New York firefighter Kevin Deane was skiing in lovely Vail, Colorado on April 1, 2007 when he fell and suffered a spinal cord injury requiring cervical discectomy and fusion surgery that was performed there without complication. When he flew back to New York City to undergo rehabilitation at Mount Sinai Hospital on April 6th, tragedy ensued. Kevin was admitted to the hospital that afternoon (a Friday) and he died about 60 hours later at 2:30 a.m. on April 9th (a Monday). He was 39 years old.
The cause of death was hemorrhage and aspiration of blood caused by the erosion of the surgically implanted hardware into the esophagus.
Claiming that this was a preventable death, a wrongful death lawsuit was filed against the hospital seeking not only damages for negligence but also punitive damages. It's extremely rare that a punitive damages claim (in which plaintiffs must prove reckless indifference) is even allowed to be considered by a jury in a medical malpractice case. And that's what the hospital argued here in making a motion to dismiss that part of the suit; however, the judge disagreed - strongly - and issued a decision released this week in Deane v. Mount Sinai Hospital. The punitive damages claim was allowed to proceed and be considered by the jury.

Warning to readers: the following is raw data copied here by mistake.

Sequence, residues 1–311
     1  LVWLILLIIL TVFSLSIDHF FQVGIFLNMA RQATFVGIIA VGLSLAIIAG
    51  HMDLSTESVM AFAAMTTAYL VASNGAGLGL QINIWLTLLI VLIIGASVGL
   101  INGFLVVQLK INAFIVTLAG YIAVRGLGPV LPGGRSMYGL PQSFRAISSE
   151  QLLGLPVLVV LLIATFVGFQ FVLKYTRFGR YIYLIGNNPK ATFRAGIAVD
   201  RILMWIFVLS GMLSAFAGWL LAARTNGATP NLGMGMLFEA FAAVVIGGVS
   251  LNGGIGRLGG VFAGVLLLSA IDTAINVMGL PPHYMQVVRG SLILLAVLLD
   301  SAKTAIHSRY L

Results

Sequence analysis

The judge stated that the hospital appeared to have made the following tragic mistakes...
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